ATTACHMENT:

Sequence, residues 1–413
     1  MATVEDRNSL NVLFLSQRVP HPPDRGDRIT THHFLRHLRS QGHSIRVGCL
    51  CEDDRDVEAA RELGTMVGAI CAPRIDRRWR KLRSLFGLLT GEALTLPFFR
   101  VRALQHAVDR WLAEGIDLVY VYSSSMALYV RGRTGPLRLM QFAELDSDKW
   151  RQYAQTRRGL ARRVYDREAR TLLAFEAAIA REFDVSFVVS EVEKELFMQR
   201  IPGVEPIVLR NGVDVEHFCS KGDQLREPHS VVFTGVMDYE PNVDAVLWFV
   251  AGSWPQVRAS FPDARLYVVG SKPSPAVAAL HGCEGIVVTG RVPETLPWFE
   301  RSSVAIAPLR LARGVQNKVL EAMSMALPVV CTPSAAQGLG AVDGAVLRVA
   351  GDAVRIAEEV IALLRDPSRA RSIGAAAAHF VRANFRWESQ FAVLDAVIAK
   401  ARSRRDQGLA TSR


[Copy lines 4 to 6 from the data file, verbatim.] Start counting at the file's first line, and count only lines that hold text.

   101  VRALQHAVDR WLAEGIDLVY VYSSSMALYV RGRTGPLRLM QFAELDSDKW
   151  RQYAQTRRGL ARRVYDREAR TLLAFEAAIA REFDVSFVVS EVEKELFMQR
   201  IPGVEPIVLR NGVDVEHFCS KGDQLREPHS VVFTGVMDYE PNVDAVLWFV